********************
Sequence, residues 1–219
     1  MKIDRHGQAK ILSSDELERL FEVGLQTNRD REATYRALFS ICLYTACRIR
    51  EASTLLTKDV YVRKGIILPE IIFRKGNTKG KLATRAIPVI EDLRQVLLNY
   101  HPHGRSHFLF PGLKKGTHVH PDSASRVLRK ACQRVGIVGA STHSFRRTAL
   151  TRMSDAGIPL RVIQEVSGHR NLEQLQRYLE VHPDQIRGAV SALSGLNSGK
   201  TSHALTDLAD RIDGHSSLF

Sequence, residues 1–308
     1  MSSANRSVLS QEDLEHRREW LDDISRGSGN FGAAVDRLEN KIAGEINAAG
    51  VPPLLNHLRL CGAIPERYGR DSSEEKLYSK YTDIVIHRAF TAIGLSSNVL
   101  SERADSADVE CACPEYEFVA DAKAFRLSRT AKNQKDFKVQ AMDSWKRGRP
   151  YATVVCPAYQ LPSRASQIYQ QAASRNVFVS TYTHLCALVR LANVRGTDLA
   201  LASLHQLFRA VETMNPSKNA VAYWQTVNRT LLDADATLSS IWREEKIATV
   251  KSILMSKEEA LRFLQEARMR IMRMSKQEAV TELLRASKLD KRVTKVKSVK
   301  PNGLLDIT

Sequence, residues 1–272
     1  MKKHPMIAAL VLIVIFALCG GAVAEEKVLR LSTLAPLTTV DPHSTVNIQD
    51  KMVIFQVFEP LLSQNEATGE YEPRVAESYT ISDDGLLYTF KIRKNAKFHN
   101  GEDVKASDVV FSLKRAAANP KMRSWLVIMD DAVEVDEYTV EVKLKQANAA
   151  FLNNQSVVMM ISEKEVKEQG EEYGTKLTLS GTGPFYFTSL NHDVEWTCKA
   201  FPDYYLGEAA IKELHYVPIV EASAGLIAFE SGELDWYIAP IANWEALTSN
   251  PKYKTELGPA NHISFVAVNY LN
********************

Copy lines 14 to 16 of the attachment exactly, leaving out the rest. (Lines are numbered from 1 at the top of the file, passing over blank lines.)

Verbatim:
   301  PNGLLDIT

Sequence, residues 1–272
     1  MKKHPMIAAL VLIVIFALCG GAVAEEKVLR LSTLAPLTTV DPHSTVNIQD